IAEA to Help West African Countries Diagnose Ebola
The International Atomic Energy Agency (IAEA) will provide specialized diagnostic equipment to help Sierra Leone in its efforts to combat an ongoing Ebola Virus Disease (EVD) outbreak, IAEA Director General Yukiya Amano announced today. Later, the support is planned to be extended to Liberia and Guinea.
The support is in line with a UN Security Council appeal and responds to a request from Sierra Leone. The IAEA assistance will supplement the country's ability to diagnose EVD quickly using a diagnostic technology known as Reverse Transcription Polymerase Chain Reaction (RT-PCR).
The assistance, expected to be delivered in the coming weeks, initiates broader IAEA support to African Member States to strengthen their technological abilities to detect diseases transmitted from animals to humans - zoonotic diseases.
The IAEA and the Food and Agriculture Organization of the United Nations have been at the forefront of developing RT-PCR, a nuclear-derived technology which allows EVD to be detected within a few hours, while other methods require growing on a cell culture for several days before a diagnosis is determined.
Early diagnosis of EVD, if combined with appropriate medical care, increases the victims' chance of survival and helps curtail the spread of the disease by making it possible to isolate and treat the patients earlier.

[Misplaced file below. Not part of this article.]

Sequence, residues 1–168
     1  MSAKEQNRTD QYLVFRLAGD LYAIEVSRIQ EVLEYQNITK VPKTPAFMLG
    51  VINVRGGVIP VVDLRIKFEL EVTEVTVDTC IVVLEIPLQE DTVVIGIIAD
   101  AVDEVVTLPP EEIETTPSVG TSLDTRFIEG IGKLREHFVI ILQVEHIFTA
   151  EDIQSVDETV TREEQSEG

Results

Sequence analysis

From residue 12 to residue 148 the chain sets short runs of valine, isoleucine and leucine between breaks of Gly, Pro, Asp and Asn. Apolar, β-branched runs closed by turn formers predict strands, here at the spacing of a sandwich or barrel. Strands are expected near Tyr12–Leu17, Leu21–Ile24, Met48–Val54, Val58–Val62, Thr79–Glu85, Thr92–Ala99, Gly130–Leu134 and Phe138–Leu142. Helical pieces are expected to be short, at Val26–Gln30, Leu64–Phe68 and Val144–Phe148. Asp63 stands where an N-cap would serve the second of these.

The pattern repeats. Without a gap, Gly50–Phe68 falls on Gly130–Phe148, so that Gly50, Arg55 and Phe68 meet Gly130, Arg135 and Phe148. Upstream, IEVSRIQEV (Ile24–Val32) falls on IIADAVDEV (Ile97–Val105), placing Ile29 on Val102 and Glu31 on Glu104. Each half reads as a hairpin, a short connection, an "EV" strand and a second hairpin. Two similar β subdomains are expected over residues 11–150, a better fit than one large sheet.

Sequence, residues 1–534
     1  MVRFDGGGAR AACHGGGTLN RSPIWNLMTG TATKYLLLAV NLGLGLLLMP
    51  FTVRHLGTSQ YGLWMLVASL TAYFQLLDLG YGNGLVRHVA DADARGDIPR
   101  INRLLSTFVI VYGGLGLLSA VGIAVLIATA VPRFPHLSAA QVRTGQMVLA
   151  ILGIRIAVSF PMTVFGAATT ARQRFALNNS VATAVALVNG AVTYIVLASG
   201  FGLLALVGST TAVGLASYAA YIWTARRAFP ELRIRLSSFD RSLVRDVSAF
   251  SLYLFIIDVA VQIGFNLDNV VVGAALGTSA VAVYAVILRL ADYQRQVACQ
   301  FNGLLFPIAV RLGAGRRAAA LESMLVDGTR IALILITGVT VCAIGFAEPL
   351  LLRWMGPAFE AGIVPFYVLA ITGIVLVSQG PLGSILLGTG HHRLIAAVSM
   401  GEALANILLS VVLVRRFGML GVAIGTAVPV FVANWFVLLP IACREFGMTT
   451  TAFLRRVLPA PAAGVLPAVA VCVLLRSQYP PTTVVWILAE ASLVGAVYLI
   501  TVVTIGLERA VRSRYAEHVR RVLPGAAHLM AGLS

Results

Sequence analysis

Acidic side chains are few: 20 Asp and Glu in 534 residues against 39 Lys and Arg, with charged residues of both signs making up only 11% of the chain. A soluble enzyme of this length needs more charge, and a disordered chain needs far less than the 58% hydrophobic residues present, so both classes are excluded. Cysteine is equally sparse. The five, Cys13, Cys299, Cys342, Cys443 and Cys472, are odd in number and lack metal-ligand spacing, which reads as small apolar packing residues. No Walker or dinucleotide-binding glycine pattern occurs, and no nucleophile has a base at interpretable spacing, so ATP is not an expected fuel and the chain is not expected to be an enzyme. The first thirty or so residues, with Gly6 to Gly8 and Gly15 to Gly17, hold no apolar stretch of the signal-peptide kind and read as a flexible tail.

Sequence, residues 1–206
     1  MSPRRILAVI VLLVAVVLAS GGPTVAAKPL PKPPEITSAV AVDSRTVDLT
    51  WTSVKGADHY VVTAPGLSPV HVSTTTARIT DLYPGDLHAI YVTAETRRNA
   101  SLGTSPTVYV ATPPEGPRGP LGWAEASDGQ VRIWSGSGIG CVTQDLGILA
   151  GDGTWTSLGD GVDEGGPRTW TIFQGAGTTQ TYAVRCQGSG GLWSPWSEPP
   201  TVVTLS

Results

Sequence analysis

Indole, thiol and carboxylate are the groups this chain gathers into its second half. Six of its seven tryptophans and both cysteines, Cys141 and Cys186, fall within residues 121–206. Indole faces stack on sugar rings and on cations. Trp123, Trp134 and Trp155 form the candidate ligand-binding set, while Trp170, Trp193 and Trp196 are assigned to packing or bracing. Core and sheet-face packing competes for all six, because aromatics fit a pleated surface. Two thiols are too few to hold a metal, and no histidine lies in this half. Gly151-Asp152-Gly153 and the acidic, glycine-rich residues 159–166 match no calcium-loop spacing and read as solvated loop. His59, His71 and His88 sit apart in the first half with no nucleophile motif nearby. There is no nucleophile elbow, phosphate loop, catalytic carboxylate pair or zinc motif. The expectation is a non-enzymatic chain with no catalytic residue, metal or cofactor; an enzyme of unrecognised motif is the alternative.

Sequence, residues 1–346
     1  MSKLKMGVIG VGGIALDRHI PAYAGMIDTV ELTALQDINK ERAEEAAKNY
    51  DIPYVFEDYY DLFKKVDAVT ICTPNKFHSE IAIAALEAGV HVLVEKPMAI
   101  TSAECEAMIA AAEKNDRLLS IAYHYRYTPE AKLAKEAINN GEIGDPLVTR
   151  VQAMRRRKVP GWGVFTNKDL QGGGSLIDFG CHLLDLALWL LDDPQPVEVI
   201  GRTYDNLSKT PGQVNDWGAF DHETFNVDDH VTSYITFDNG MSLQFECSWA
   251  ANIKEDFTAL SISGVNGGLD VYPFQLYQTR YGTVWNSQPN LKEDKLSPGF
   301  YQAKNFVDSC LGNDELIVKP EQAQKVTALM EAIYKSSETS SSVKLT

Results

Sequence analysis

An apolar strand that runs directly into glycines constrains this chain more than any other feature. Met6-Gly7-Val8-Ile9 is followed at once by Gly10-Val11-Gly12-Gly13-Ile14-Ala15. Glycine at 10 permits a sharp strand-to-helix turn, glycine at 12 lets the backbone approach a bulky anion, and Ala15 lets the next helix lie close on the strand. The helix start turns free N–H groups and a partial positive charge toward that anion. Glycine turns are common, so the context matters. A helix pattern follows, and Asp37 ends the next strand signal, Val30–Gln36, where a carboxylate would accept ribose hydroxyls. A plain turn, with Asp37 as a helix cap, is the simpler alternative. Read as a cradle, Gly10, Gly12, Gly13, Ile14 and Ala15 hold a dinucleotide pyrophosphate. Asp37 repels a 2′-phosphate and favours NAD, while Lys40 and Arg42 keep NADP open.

Health authorities in Sierra Leone and other affected countries are already applying RT-PCR, but their diagnostic capability is limited; there is a shortage of the diagnostic kits and other materials needed for the process and backup equipment is needed to avoid diagnostic downtime in case of equipment failure.
The IAEA will support the most affected countries' sustained ability to detect the disease in cooperation with the World Health Organization (WHO) and the United Nations Mission for Ebola Emergency Response.
The IAEA, as part of its ongoing work, has helped 32 African countries and several other Member States develop skills and acquire equipment they need to use RT-PCR for diagnosis of animal diseases and zoonotic diseases. The method was instrumental in the global eradication of rinderpest, long a scourge of livestock.
"Transfer of nuclear-related technologies is a key part of the Agency's work, and we have cooperated with Member States for years to develop and strengthen their capacity to use this nuclear-derived technology," Director General Amano said. "With this additional support, the Agency makes a small but effective contribution to global efforts to fight the ongoing Ebola outbreak."
RT-PCR initially used radioactive isotopes as markers in the process that determines whether the virus is present in a sample. Subsequent refining of the method by the IAEA and partners has led to the possibility to use fluorescent markers instead of radioactive markers for screening purposes.
The IAEA will provide Sierra Leone with an RT-PCR machine, cooling systems, biosecurity equipment, diagnostic kits and other materials. Similar support will eventually be provided to Liberia and Guinea.
The IAEA also is developing an African regional project that would strengthen Member States' capacity to monitor wildlife and livestock to get early warning of possible zoonotic disease outbreaks in the medium- and longer-term.
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